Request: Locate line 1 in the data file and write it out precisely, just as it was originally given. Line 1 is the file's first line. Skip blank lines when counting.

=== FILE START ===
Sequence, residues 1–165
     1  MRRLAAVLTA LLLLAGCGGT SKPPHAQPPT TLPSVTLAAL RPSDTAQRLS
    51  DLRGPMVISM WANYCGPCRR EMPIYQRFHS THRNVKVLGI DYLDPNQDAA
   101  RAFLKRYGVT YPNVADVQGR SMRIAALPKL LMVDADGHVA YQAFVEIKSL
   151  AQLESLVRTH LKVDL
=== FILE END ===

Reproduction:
Sequence, residues 1–165